Where’s the Evidence of the Supposed Russian Hacking of the DNC?
This post is authored by Mitchell Nemeth
In Episode 1259, Dan discussed some analysis of the alleged DNC hack. Dan’s analysis lasers in on one of Stephen McIntyre’s Twitter threads: here. In the thread, McIntyre analyzes public documentation and reporting and pieces together various elements of the alleged Russian hacking of the DNC.
In December 2016, the Federal Bureau of Investigation released a report detailing that “the U.S. Government confirms that two different RIS (Russian Intelligence Services) actors participated in the intrusion into a U.S. political party.” This has been the predominant narrative since then, but interestingly enough the recently released interviews from the House Intelligence Committee paints a somewhat more obscure picture.
On December 5th of 2017, the House Permanent Select Committee on Intelligence interviewed Shawn Henry. Henry serves as the president of CrowdStrikes Services. CrowdStrike utilizes cybersecurity professionals to conduct incident response operations. According to Henry’s testimony, on April 30th of 2016, Michael Sussmann of Perkins Coie reached out to request the services of Henry. Within days, the two came to an agreement for CrowdStrike to provide services to Sussmann’s client, who is believed to be the DNC.
Later, Henry states that his firm “shared intelligence with the FBI.” CrowdStrike “had contact with them over a hundred times in the course of many months.” Henry emphasized that in these instances the FBI typically provides “notification…to the victim about what has occurred in their environment.”
Representative Stewart from Utah asks Henry about the “degree of confidence” that this network intrusion was associated with the Russian Government. To which Henry replies, “We said that we had a high degree of confidence it was the Russian Government. And our analysts that looked at it that had looked at these types of attacks before, many different types of attacks similar to this in different environments, certain tools that were used…that it was consistent with a nation-state adversary and associated with Russian intelligence.”
On Page 32 of the interview transcript, Representative Adam Schiff definitively asks, “Do you know the date in which the Russians exfiltrated the data from the DNC?” Interestingly enough, upon Henry’s quick response, his counsel intervenes. Henry states, “counsel just reminded me that, as it relates to the DNC, we have indicators that data was exfiltrated. We did not have concrete evidence that data was exfiltrated from the DNC, but we have indicators that it was exfiltrated.” He continues, “There are times when we can see data exfiltrated, and we can say conclusively. But in this case it appears it was set up to be exfiltrated, but we just don’t have the evidence that says it actually left.”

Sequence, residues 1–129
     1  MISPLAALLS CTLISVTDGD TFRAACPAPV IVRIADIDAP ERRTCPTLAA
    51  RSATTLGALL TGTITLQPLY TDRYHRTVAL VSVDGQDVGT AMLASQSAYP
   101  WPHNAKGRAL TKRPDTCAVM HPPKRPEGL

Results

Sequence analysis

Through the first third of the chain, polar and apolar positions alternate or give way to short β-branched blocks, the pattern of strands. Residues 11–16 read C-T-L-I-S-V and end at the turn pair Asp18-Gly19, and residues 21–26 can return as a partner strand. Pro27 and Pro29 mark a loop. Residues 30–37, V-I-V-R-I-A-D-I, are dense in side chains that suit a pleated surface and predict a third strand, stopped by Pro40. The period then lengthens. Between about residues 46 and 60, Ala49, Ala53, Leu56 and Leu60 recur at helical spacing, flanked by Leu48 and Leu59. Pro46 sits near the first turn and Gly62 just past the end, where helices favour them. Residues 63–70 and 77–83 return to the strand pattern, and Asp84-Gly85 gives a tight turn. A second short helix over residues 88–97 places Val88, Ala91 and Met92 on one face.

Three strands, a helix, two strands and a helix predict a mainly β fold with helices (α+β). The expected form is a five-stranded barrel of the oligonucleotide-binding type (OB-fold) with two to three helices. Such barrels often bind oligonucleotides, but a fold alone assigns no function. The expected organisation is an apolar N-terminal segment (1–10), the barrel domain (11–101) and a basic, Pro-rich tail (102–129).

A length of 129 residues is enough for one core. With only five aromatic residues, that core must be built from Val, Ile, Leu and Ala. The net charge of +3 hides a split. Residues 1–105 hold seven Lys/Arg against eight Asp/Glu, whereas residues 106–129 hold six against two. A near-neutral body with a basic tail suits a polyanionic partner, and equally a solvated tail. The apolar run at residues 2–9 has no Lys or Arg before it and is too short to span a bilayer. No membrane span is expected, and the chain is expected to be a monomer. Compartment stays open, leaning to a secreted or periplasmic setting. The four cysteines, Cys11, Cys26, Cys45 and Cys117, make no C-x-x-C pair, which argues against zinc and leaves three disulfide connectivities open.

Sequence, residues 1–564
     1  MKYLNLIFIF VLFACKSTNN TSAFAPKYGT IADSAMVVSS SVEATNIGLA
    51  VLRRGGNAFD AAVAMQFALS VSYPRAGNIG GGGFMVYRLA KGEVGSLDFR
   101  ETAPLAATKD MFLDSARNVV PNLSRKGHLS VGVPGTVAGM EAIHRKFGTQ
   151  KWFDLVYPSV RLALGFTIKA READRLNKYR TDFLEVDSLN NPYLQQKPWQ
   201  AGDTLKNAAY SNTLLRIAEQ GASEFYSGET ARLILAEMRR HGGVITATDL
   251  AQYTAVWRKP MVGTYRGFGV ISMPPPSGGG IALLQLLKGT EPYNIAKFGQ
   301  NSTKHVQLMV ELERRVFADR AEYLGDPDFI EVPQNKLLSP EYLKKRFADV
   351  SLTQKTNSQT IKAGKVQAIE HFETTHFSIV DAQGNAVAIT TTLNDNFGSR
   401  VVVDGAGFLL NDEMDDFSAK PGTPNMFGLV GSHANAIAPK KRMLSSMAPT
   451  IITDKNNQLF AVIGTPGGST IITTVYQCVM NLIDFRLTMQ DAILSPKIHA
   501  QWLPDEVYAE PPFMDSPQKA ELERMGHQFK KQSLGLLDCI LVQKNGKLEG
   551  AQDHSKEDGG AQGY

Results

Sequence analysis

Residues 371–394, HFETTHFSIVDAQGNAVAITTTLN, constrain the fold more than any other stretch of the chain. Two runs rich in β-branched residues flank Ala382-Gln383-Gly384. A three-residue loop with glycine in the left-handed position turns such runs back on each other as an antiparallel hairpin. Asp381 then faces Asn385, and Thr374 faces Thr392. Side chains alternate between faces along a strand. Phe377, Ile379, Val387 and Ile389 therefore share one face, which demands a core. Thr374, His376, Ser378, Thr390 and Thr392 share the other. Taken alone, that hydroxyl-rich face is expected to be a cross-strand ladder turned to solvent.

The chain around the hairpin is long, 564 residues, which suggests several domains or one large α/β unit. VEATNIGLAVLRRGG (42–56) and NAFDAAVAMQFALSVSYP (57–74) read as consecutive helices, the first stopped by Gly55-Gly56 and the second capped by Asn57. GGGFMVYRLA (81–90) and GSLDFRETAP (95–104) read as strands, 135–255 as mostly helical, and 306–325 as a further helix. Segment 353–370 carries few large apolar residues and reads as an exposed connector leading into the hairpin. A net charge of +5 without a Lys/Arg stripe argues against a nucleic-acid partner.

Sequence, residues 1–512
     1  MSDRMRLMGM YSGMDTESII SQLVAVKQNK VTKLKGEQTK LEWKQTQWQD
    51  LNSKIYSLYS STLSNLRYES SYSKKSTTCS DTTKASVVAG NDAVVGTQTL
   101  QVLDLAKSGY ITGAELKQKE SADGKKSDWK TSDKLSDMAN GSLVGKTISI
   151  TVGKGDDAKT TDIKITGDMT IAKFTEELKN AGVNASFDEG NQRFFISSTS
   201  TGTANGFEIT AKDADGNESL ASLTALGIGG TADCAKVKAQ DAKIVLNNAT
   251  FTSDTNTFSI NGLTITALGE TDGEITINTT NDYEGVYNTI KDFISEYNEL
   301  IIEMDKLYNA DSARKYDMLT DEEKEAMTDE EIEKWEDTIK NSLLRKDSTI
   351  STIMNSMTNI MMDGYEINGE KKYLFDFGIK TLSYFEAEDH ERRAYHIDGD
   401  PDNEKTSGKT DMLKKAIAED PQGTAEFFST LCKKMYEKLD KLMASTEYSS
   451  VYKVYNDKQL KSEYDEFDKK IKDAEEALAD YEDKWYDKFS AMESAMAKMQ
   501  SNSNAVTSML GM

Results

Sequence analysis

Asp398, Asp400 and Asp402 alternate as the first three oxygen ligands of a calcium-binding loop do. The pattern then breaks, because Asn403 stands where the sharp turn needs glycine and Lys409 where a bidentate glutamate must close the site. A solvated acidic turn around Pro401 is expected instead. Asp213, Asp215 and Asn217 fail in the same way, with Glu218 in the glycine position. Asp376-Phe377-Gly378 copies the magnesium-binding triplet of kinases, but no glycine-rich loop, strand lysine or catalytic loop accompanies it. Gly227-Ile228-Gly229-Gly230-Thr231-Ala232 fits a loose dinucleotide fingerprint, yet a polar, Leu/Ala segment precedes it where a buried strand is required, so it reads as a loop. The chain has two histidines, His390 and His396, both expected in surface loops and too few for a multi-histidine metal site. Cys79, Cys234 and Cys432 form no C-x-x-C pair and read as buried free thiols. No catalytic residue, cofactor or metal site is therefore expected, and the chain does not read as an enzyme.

On Page 75 of the interview transcript, Representative Stewart asks of the leaked DNC emails, “What about the emails that everyone is so, you know, knowledgeable of? Were there also indicators that they were prepared but not evidence that they actually were exfiltrated?” To which Henry replies, “There’s not evidence that they were actually exfiltrated. There’s circumstantial evidence.”
Why is any of this relevant? Comparing Henry’s interview with the FBI report from December 2016 leads to an interesting question. CrowdStrike believed the behavior of the network intruders followed a similar pattern of past RIS hacks. During Henry’s testimony he mentioned that CrowdStrike’s findings were presented to the DNC in a report, which was also provided to the House Permanent Select Committee on Intelligence. Where is this report and when are we going to see it? Just as the Government Accountability Office released a highly detailed report outlining the extent to which hackers infiltrated the Equifax network, the American public deserves similar transparency with the DNC hack.